NEW YORK -- Poet Tyree Daye will finally have some time to really write, and not think too much about money.
"I can take the summer off and pay down some debts," Daye, from Youngsville, North Carolina, said Wednesday night after accepting his $50,000 Whiting Award, given annually by the Whiting Foundation to 10 emerging artists.
Established in 1985, the Whitings have been given to such future literary stars as Tony Kushner, Colson Whitehead and Lydia Davis. This year's recipients are a mix of poets, playwrights and prose writers, some not yet published, some with a handful of works out. Winners besides Daye include poets Vanessa Angelica Villarreal, Kayleb Rae Candrilli and nonfiction writers Terese Marie Mailhot and Nadia Owusu. Others honored were fiction writers Nafissa Thompson-Spires and Merritt Tierce and playwrights Lauren Yee and Michael R. Jackson, who said the Whiting would help him focus on the production of "A Strange Loop," premiering in May at Playwrights Horizons in Times Square.
"It will also help me with rent and other little details," Jackson said.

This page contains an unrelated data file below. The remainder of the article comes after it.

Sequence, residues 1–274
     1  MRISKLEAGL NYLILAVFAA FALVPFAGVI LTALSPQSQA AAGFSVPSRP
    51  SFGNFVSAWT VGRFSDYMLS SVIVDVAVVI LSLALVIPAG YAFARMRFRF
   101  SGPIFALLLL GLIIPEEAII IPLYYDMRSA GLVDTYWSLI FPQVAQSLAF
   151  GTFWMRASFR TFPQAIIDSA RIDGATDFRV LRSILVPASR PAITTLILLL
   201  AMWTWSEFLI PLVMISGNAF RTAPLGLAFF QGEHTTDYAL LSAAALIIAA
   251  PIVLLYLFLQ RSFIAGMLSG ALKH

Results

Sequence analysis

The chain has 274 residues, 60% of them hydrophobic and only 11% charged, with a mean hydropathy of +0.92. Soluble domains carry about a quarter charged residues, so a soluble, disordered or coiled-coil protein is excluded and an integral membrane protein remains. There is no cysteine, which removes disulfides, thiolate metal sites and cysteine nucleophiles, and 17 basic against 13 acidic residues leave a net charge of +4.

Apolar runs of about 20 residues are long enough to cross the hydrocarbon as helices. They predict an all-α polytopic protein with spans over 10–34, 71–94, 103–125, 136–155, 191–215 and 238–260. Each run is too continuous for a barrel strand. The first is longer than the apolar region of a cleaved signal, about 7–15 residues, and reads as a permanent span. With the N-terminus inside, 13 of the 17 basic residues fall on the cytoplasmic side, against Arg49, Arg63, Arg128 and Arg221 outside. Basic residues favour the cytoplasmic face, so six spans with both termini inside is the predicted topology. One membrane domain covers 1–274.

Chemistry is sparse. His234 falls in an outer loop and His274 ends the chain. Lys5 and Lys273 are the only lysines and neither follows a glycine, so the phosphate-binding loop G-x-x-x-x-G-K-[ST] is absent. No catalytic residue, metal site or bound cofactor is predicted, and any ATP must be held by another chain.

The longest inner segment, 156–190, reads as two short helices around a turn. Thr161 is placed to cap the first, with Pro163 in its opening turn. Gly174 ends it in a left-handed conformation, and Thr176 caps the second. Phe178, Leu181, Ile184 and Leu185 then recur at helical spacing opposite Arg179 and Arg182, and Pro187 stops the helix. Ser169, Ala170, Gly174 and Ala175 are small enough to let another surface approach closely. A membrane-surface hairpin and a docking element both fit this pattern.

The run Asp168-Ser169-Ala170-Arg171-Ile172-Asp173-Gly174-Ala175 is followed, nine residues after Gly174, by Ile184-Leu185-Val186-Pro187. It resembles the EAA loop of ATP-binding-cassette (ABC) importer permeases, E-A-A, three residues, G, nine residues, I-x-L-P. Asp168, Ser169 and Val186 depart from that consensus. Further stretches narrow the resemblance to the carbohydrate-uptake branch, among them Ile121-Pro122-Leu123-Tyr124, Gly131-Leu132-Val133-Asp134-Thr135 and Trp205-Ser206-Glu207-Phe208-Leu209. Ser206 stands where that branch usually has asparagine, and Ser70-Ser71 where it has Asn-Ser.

Wednesday night's ceremony was held at the New-York Historical Society in Manhattan, with hundreds of writers, editors and other members of the publishing community. The keynote speaker was 2009 Whiting winner Adam Johnson, who later told The Associated Press that he had been out mountain climbing and, when he reached the top, had enough of a signal on his phone to receive an email notifying him of his prize. At the time, he was working on what became the Pulitzer Prize-winning novel "The Orphan Master's Son." He and his wife were raising three small children.
"The Whiting helped me teach less and write more," he said. "It helped me make connections and allowed me to finish the book."
Program guides included excerpts of the winners' work, and an introduction by a member of the class of 1989, "The Liars' Club" memoirist Mary Karr. At the time she learned of the award, she was a working mother under such duress she often "woke up from screaming." The Whiting was so unexpected that she initially hung up on the foundation, convinced it was a practical joke. When she got a second call, the same "patrician voice" was on the line.
"Send up a hurrah for the young writers facing the same blessing I faced," she wrote. "They look young, but, I swear, each has come a far piece."